Meals on Wheels may be the only social interaction some have on Christmas Day

By Mike Puffer

Art Myers, left, and Len Skelton, right, volunteers for Meals on Wheels.

It’s the time of year when we look ahead just a few weeks to the Christmas season. For many people, it’s a ‘warm and fuzzy’ exercise as they anticipate family gatherings and meals accented with laughter, merriment and reflections of their blessings. It’s not necessarily so for everyone, however.

As much as the holiday season can be heartwarming and positive for some, it also a very ‘blue’ time for others who may be without family and friends. Stress of the holidays can combine with circumstances that trigger sadness and melancholy instead of happiness and positive moods. Not everybody looks forward to the holidays, especially if it means being alone.

For 52 weeks of the year, Community Care’s Meals on Wheels program brings a vital service home to many local residents. Not only does the program provide healthy, hot meals to those who are experiencing challenges with cooking for themselves, but it provides an important social interaction between recipients and the volunteers who make the deliveries. Last year, more than 24,000 meals were delivered to local residents who appreciate the nutritious and affordable option to having to cook for themselves.

Often, volunteers find that the clients appreciate the opportunity to have a quick visit just as much as the food itself. For some, the interaction at the door may be the only social exchange that a client has in his/her day.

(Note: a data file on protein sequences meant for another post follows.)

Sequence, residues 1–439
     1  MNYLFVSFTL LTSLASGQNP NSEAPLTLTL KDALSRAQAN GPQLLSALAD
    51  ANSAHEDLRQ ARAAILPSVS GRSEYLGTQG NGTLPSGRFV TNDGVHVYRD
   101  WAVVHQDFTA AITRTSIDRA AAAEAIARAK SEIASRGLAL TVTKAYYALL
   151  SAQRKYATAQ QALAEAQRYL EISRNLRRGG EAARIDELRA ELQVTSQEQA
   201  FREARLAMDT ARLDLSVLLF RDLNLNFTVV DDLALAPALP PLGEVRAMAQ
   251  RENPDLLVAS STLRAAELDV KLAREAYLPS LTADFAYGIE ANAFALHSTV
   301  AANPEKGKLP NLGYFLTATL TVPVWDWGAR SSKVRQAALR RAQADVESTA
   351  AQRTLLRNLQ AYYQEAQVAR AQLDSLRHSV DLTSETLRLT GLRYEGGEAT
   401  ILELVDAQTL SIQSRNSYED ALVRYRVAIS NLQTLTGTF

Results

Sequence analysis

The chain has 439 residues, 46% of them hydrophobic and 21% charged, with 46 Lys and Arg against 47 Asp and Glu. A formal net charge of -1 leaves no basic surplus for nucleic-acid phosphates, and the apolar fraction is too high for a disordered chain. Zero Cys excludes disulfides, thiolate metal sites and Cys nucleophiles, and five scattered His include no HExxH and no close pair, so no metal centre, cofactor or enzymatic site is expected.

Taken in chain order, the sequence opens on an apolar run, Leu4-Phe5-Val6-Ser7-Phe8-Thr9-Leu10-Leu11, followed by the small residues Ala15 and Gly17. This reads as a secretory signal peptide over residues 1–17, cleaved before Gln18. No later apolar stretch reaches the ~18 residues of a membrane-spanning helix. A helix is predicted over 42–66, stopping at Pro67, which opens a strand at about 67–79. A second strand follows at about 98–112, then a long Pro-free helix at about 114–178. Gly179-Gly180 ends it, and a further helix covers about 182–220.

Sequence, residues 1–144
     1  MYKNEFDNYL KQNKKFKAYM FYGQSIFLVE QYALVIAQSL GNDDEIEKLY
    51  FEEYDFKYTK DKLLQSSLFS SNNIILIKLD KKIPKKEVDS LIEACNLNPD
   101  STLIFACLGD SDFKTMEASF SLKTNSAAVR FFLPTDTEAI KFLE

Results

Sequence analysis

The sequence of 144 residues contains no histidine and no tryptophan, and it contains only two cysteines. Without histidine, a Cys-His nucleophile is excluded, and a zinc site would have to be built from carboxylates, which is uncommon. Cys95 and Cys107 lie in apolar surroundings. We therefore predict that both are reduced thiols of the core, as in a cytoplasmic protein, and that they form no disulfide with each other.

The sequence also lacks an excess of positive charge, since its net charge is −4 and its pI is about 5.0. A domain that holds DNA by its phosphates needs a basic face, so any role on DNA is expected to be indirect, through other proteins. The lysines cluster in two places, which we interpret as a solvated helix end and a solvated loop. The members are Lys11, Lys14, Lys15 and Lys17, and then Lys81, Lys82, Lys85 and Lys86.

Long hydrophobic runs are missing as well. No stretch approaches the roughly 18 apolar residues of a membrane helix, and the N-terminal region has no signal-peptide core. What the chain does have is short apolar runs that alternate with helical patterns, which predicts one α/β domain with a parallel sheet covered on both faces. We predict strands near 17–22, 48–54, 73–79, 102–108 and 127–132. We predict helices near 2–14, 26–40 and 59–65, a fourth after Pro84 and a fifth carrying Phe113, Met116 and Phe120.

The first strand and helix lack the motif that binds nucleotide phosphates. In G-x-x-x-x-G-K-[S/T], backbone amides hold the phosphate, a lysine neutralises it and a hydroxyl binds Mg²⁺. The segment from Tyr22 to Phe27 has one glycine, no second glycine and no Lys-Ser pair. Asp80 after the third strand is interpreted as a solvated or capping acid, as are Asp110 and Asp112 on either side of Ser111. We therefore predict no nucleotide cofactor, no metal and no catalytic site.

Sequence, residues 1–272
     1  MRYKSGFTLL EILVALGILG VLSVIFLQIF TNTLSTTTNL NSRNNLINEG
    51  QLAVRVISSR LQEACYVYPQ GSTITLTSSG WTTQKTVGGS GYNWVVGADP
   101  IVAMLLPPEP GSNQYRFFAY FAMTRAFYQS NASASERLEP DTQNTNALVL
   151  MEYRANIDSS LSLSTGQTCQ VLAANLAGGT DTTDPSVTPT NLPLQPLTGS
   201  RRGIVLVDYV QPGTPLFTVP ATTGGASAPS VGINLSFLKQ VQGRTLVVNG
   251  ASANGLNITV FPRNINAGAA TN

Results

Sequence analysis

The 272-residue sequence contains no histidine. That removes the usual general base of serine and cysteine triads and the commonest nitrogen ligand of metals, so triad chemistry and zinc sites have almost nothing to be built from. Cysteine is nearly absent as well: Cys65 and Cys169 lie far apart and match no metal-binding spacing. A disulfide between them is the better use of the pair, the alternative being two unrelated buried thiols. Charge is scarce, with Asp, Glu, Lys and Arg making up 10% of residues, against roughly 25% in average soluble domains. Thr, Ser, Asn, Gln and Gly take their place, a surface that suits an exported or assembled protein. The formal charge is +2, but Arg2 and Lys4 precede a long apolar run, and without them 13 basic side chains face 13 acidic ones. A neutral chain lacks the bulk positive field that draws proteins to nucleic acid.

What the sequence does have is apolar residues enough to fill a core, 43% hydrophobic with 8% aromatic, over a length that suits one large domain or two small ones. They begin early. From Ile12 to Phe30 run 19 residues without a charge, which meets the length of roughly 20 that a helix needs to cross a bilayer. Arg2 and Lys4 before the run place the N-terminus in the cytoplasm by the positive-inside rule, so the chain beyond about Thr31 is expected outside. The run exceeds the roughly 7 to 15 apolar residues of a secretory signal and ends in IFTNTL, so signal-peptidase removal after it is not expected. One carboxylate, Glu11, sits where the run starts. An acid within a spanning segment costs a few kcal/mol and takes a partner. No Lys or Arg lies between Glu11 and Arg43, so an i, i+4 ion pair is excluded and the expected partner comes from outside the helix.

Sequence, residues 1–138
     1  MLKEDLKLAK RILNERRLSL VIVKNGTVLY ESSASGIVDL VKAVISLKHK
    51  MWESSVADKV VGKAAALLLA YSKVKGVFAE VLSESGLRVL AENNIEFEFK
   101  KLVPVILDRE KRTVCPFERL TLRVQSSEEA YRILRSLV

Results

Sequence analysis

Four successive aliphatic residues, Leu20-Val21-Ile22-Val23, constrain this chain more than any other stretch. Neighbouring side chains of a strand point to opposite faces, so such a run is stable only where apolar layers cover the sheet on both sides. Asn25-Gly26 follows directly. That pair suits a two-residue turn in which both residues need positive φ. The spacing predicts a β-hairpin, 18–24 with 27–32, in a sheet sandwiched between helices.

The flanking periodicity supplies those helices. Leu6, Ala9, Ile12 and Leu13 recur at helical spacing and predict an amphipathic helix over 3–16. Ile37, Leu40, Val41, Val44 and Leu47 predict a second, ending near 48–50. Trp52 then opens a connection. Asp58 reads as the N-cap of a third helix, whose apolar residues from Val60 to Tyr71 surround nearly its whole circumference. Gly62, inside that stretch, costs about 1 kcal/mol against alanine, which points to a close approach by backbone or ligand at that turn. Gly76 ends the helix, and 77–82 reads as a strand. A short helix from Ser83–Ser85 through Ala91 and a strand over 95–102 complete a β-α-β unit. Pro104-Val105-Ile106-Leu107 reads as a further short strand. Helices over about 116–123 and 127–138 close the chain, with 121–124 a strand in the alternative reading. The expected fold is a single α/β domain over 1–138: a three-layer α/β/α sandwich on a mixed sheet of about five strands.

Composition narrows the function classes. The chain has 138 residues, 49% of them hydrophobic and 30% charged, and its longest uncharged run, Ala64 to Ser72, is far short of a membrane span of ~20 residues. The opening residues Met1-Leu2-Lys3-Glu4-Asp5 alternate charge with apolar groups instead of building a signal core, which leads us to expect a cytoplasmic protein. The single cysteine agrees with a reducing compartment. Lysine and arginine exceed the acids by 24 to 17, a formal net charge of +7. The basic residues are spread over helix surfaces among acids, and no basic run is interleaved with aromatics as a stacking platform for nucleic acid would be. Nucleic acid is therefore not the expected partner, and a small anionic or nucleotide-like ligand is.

And that day could be Dec. 25. For many years, Community Care has ensured that a good meal gets delivered to local people who are otherwise alone on Christmas Day. In incredible displays of generosity and kindness, some staff and their family members take time during the big day to deliver meals to clients, and to bring them a helping of warm wishes and friendship. To the clients, the gesture is priceless. To the staff members who volunteer their time, the rewards must be just as immeasurable.

Community Care strives to improve the health and well being of everyone in our municipality at all times of the year. Ensuring that clients who are alone on Dec. 25 get at least one visitor that day, who just happens to be bearing a hot meal and a warm greeting, is truly displaying the spirit of the season.

–Mike Puffer is the communications officer for Community Care City of Kawartha Lakes

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